It was not merely a matter of speculation because it was underlined in the steel White Paper of 1973, introduced in the dying months of the Government led by my right hon. Friend the Member for Old Bexley and Sidcup (Mr. Heath). The White Paper said that steel production was likely to cease in Corby by the end of the decade—the 1970s—for two extremely good reasons. First, steel production started in Corby because of the local iron ore that was mined by opencast mining. That high-quality iron ore was beginning to run out and it was obvious that there would be insufficient local iron ore beyond the end of the decade to be able to sustain the steel making process, which has been carried on for about 40 years.

The decision to concentrate steel production in the five great plants meant that all the smaller steelworks such as Corby, Consett, Ebbw Vale and Shotton, were likely to find themselves under considerable threat as a result of the concentration at Llanwern, Port Talbot and so on. There was nothing surprising, therefore, about the decision announced in March 1979, but it was regrettable that between 1974 and 1979 so little was done to prepare for the closure. I use those dates deliberately. The House will recall that the steel White Paper that made the forecast to which I have referred came out in the December 1973. At that time, 73 per cent. of people in a town of 50,000 owed their livelihoods to the steelworks. So clearly a body blow of immense proportions was dealt to the principal town of what is now my constituency but was then the constituency of Kettering.

There is no question but that a resurrection of staggering dimensions has since occurred. The effect of closure in Corby was an unemployment total of 7,000; it has now fallen to 1,800. I am reasonably confident about forecasting that by the end of this calendar year it will have fallen below 1,000. I can also predict with confidence that there will be full employment in Corby by the end of 1990—that was not predicted back in 1979–80.

All this has come about as a result of the activities of many human beings. I want to say some words of praise about a wide variety of people—not all of them Conservatives—who have played a considerable part in bringing about this remarkable transformation.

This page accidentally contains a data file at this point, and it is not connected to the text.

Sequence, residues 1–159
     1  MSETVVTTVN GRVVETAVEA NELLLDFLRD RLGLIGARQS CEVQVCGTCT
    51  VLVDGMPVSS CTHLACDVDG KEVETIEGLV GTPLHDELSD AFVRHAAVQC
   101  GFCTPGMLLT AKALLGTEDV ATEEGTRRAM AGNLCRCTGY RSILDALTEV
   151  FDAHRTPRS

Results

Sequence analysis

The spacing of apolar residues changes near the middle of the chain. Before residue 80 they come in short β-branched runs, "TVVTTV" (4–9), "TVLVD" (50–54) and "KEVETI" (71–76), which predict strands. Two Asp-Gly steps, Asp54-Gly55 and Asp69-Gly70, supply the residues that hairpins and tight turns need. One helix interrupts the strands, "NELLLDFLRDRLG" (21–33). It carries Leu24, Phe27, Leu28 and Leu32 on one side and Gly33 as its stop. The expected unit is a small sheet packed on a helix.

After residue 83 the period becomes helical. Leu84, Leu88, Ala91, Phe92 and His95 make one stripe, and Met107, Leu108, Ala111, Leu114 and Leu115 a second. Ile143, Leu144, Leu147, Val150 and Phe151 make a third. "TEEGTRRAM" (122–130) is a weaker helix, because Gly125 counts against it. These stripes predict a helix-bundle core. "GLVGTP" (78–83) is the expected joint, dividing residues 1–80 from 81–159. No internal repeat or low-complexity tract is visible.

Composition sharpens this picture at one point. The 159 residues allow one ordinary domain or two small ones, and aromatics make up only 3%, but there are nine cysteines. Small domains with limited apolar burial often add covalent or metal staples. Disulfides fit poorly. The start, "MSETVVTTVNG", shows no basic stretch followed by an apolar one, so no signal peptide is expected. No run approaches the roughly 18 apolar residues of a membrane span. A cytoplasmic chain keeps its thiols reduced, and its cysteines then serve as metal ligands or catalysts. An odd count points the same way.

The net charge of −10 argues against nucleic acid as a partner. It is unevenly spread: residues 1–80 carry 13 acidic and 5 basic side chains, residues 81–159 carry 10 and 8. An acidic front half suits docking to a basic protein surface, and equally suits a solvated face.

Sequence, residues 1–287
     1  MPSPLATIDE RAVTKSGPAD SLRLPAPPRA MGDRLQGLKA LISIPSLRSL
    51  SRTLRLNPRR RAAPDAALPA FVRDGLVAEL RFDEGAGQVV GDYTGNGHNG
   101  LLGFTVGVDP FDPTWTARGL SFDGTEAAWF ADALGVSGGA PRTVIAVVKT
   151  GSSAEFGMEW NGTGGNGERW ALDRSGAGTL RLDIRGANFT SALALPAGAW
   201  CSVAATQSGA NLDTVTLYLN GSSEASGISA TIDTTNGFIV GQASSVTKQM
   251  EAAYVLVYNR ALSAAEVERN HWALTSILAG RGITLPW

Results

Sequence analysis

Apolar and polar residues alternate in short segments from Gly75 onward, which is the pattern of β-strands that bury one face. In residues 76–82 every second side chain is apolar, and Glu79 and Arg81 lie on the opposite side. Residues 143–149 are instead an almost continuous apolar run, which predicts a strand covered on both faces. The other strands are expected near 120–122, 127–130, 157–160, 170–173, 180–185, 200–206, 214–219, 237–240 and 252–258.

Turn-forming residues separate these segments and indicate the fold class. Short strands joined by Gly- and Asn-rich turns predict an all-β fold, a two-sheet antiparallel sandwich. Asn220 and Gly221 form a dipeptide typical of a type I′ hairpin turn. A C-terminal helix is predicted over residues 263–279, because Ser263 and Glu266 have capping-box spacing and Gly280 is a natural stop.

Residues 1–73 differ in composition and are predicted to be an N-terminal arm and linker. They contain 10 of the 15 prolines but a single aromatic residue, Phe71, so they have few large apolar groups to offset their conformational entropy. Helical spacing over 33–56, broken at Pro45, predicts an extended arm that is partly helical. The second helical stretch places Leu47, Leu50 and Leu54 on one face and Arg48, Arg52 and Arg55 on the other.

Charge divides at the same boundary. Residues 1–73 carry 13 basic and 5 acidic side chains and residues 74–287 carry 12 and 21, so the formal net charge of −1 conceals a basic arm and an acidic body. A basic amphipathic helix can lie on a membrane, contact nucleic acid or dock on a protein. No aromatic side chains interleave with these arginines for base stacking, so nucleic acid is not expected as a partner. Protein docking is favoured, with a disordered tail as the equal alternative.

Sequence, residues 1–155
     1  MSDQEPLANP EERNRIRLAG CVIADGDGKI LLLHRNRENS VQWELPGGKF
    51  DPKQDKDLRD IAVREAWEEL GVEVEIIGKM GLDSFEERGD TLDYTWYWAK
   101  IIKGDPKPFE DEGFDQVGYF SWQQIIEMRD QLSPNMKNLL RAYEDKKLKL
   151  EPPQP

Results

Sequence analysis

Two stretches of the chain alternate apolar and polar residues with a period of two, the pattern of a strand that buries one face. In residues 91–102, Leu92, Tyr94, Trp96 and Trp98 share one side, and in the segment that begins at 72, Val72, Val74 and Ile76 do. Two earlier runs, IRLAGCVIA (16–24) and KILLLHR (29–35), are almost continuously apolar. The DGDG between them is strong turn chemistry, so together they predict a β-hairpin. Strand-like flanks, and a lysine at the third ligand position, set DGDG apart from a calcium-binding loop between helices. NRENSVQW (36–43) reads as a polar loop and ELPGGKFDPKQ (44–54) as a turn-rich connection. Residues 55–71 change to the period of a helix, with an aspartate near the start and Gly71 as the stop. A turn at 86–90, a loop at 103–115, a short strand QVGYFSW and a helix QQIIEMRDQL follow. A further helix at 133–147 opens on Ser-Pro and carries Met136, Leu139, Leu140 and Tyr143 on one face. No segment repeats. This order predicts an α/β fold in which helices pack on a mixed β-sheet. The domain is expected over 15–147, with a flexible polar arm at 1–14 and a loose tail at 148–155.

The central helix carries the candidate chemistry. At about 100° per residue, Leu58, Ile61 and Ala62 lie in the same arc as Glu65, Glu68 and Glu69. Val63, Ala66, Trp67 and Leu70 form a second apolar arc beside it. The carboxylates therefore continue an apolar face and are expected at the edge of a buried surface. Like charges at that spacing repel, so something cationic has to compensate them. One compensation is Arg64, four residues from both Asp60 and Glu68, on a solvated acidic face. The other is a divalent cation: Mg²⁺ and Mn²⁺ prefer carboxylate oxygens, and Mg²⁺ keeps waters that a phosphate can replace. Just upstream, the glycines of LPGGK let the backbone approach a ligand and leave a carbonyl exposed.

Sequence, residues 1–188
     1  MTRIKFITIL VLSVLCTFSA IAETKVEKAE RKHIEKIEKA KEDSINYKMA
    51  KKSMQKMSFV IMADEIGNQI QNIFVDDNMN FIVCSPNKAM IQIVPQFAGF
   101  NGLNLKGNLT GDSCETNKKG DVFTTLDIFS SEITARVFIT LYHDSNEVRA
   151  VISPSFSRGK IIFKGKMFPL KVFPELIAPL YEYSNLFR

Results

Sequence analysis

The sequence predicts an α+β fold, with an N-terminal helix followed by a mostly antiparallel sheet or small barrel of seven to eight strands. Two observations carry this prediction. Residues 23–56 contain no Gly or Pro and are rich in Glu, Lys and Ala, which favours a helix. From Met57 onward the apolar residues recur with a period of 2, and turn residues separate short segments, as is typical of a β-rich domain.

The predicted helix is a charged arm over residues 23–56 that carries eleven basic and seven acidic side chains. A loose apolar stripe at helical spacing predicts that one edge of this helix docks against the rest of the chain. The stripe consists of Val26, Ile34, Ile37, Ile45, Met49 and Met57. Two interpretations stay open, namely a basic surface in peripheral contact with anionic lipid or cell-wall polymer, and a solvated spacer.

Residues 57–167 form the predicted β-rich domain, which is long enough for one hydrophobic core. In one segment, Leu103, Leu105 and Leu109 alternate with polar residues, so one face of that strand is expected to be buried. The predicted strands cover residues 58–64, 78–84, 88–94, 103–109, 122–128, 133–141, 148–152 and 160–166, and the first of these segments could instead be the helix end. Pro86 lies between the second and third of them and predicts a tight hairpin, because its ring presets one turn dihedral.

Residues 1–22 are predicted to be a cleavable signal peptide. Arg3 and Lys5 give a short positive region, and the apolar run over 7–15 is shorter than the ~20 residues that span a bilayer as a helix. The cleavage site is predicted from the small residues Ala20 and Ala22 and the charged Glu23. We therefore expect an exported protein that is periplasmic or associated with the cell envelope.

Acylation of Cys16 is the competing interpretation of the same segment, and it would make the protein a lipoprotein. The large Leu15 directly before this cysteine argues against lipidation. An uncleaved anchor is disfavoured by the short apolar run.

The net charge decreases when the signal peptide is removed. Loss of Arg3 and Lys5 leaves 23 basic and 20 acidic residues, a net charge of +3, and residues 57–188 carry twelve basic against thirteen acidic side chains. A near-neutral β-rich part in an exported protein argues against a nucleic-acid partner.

First, I single out the Government's principal agency to have been involved—the Commission on the New Towns. It has worked extremely hard and effectively to construct factory units, to encourage tenants to occupy them and to sell land in its ownership to companies moving in. It has also promoted Corby extremely effectively as a desirable place for inward investment, and has done so with confidence in the future. The commission has turned in a remarkable performance and the Department of the Environment has provided a good many services, too. The Commission on the New Towns is subject to that Department, which has made available derelict land grants on an extensive scale.

Much of the land in Corby consisted of old opencast iron ore workings in a most unsatisfactory condition. It would have been too much to expect private investors to have had the confidence to spend huge sums on restoring this land to a condition in which they could begin the construction of new factory units. The public sector has an important role to play in the sort of activities that have taken place in Corby, not least by providing derelict land grants. In the case of Corby, these grants have been generous, continuous and effective—a magnificent example of public sector pump-priming, which has enabled private sector industry to take advantage of what the state, the nation and the taxpayer have provided.

One of the most important lessons to be drawn from Corby's experience is the paramount importance of derelict land grants. I see that my hon. Friend the Member for South Hams (Mr. Steen) is present in the Chamber; he plays a considerable part in drawing this fact to the attention of Ministers. It is important that everyone should understand that derelict land grants are essential if old industrial areas are to be restored and the sort of developments of the past decade in Corby are to take place.

I want to pay tribute to Tresham college in Kettering and Corby. That college of education has done an enormous amount of work with incoming private industry to train the work force in the requisite skills. It is another example of public sector pump-priming which can generate redevelopment and secure and promote a town's future. The work done by the college has been outstanding, and I am proud to represent the constituency in which it has played a pioneering role in the transition from past to future. All the more pity, therefore, that none of the activities I have mentioned were attended to in the mid-1970s—a great deal of suffering would have been avoided if they had been.

I pay tribute to the local authorities that have been working in this area. I said earlier that not only Conservatives had been involved in the regeneration. I pay tribute to Labour councillors and Labour authorities who have done their bit—it has been a considerable bit—to encourage companies to come in and to boost the reputation of the area that they represent. I am glad to report that we have had no loony Leftists ruining the reputation of the area for the outside world—far from it. The local authority and district council immediately set about, not holding demonstrations, but going to the seat of power, even though by May 1979 it was occupied by Conservatives. The authorities tried to work with the Conservative Government for the good of their area.